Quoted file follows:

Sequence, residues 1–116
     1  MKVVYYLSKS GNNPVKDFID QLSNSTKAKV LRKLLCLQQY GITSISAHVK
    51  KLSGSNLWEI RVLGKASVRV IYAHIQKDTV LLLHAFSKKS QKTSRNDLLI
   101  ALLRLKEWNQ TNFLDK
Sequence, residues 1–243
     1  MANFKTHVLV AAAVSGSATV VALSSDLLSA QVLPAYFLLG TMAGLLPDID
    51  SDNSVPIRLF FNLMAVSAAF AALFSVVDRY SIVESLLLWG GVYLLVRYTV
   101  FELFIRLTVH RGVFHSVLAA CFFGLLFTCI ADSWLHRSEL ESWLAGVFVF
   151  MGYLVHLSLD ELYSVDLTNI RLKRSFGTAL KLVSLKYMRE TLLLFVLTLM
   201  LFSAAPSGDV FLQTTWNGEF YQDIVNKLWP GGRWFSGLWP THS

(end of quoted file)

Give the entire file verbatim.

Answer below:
Sequence, residues 1–116
     1  MKVVYYLSKS GNNPVKDFID QLSNSTKAKV LRKLLCLQQY GITSISAHVK
    51  KLSGSNLWEI RVLGKASVRV IYAHIQKDTV LLLHAFSKKS QKTSRNDLLI
   101  ALLRLKEWNQ TNFLDK
Sequence, residues 1–243
     1  MANFKTHVLV AAAVSGSATV VALSSDLLSA QVLPAYFLLG TMAGLLPDID
    51  SDNSVPIRLF FNLMAVSAAF AALFSVVDRY SIVESLLLWG GVYLLVRYTV
   101  FELFIRLTVH RGVFHSVLAA CFFGLLFTCI ADSWLHRSEL ESWLAGVFVF
   151  MGYLVHLSLD ELYSVDLTNI RLKRSFGTAL KLVSLKYMRE TLLLFVLTLM
   201  LFSAAPSGDV FLQTTWNGEF YQDIVNKLWP GGRWFSGLWP THS